Both versions included a way to open the source folder, because of the earlier finding that indicated users understand a file by its context


Version A (in video)

Version B

Usability testing findings


"Does X mean delete or dismiss?"
Users were very hesitant around language or iconography that was too ambiguous.

"This is good, I want to verify the modified date for both files."
A limited amount of meta data is best to build a sense of trust

"I'm not going to press delete - that worries me a bit. How will I know it was actually deleted?"
Users still trusted deleting their files through their their native file explorer rather than through EdgeRover. Therefore, version A was preferred.

I conducted 10 unmoderated sessions through Usertesting.com. Below are some of the common findings.


Cleaning felt satisfying!
Seeing each file disappear off of their screen along with how much space was saved gave users a high sense of satisfaction.

Okay, so initially the concept seemed to be resonating overall - however, listening to the users made me realize that the original, assumed user flow was flawed.

A fundamentally flawed assumption in the user flow was revealed by testing

Users described their current cleaning habits as cyclical, where they would put off cleaning until they hit a stress trigger caused something like not being able to find a file in their clutter.

This "stress trigger" is when they would most likely use Edgerover to locate the file. Thus, they would already be at a point where their device organization had become chaotic, so a mini-cleanup widget would feel insufficient. 


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Moment most likely to use EdgeRover

The realization

Rather than making the task feel bite-sized, we should focus on a deep cleaning process that feels supportive at the moment they are most likely to use EdgeRover.


How might we decrease effort and anxiety around cleaning duplicates when users engage in a deep clean?


Revised design

Revisiting the user flow

This time, let's revise the user flow to start with the trigger for the deep clean.


Revised goal: Make deep cleaning approachable

High-level design decision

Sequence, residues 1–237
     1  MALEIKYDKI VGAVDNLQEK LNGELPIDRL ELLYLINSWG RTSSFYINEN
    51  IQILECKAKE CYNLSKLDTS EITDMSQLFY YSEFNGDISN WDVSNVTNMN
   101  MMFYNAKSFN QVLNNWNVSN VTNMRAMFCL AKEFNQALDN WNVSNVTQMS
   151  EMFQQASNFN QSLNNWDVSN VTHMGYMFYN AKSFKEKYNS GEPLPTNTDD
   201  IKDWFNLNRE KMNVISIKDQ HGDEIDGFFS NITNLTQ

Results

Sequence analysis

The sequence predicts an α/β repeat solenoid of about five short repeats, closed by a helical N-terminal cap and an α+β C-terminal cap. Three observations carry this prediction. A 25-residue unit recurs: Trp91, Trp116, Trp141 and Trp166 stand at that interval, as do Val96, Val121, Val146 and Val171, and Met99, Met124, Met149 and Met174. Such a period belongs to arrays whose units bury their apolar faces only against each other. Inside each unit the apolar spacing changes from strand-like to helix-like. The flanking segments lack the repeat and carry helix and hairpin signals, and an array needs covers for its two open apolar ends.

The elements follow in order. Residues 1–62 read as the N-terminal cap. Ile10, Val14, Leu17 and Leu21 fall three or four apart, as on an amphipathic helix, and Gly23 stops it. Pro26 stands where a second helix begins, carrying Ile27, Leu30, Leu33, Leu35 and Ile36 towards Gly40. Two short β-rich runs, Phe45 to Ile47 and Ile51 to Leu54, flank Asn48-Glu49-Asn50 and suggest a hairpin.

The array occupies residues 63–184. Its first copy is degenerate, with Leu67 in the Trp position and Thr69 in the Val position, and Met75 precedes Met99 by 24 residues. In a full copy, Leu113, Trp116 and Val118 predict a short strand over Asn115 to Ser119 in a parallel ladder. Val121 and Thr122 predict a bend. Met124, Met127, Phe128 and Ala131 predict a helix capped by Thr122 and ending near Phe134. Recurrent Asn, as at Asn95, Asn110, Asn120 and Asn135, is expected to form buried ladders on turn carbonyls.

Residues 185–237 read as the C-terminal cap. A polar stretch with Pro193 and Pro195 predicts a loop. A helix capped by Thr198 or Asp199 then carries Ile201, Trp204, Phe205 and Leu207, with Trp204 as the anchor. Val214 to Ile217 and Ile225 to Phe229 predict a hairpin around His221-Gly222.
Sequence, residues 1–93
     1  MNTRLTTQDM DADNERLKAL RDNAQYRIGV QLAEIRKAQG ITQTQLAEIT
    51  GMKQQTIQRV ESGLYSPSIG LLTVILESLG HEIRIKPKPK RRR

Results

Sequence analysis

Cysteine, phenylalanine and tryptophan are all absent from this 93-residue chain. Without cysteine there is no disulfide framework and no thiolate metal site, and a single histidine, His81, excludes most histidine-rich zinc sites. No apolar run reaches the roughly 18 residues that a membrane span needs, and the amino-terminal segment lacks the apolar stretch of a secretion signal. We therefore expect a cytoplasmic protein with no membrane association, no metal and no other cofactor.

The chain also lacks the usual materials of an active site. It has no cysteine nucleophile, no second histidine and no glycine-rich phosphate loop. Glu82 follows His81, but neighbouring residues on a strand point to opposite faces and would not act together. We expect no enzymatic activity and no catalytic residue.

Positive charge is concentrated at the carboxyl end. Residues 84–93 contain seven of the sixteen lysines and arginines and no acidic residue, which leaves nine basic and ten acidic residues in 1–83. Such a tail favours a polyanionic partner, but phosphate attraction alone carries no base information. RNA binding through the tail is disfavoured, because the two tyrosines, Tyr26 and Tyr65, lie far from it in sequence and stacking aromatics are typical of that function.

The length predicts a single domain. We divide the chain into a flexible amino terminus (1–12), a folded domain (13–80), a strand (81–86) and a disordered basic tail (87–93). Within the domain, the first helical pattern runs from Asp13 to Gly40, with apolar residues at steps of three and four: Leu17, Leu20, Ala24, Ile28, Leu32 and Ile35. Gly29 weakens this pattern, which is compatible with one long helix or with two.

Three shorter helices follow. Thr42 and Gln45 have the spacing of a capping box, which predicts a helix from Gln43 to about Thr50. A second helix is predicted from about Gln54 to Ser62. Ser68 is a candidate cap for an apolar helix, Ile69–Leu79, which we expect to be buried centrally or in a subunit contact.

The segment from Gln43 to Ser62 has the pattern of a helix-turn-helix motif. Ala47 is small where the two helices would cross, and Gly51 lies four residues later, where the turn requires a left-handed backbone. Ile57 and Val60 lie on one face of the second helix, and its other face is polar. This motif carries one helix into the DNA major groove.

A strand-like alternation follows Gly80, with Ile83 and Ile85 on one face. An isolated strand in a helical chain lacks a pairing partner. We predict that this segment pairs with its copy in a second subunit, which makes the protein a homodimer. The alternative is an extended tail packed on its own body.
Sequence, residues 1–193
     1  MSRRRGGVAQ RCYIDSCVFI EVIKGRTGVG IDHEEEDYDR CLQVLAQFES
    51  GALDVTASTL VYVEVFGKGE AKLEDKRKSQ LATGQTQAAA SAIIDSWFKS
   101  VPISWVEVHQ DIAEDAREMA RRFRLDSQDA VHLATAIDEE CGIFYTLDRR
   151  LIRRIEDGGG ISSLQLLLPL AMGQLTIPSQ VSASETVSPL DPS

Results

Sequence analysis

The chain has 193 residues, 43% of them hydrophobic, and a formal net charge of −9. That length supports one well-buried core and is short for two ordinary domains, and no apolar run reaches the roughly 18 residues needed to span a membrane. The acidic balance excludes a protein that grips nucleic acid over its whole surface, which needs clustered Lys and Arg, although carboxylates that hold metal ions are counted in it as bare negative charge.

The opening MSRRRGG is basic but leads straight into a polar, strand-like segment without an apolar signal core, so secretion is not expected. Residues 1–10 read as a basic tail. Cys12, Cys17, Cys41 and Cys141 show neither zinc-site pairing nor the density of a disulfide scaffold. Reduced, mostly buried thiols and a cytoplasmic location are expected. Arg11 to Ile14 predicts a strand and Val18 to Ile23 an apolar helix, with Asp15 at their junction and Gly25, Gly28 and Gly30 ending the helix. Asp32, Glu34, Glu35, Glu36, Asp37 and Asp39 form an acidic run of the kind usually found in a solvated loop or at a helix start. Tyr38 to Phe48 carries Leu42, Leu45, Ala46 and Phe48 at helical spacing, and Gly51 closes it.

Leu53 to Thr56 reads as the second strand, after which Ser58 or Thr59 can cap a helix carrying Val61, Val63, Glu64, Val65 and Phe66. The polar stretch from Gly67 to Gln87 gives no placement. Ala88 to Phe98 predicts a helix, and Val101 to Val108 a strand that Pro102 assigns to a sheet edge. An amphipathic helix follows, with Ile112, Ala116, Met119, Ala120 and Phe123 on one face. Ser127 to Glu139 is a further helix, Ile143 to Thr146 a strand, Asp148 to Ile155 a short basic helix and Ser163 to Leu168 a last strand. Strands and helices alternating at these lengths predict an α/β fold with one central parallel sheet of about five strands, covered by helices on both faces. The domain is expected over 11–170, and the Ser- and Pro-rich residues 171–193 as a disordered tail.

Utilize a two column approach found in the competitive analysis. I chose this layout because I wanted to provide the user with an overview of all of their duplicates on one side with an adjacent preview on the other, thus creating an easy visual relationship and doesn't open a separate window which might increase cognitive load.

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Version 1

For testing purposes, I created two variations. Version 1 visualized the groups of duplicate files as clustered tiles that give the user a quick understanding of which sets were most problematically duplicated. When a line item is selected, the right column displays multiple previews.


Version 2

Version 2 visualized the duplicate files on individual lines, but stacked into sections in the left column. When a line item was selected, it showed more meta data in the preview panel on the right than in Version 1. 


Testing results - Version 1 wins!

Users slightly preferred version 1 in terms of approachability, and greatly preferred it in terms of satisfaction/fun, which were both design principles set forth in the beginning.


I also tested the FTUE for figuring out what folders we needed to look in for duplicates.


I was happy because during testing, users (unprompted) would ask questions like "When is this coming out?" or "I needed this like starting 4 years ago." I felt really pleased that we had accurately identified a user need and was on the right path to solving it.


Ready to ship

Applying the design system & creating specs

There was a developed design system in place by other designers, so I applied the same treatments to my design. I spec'd out the behavior of the components for the developers.

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"Final" designs!

The product entered open beta in the winter of 2020, and is currently available for download online.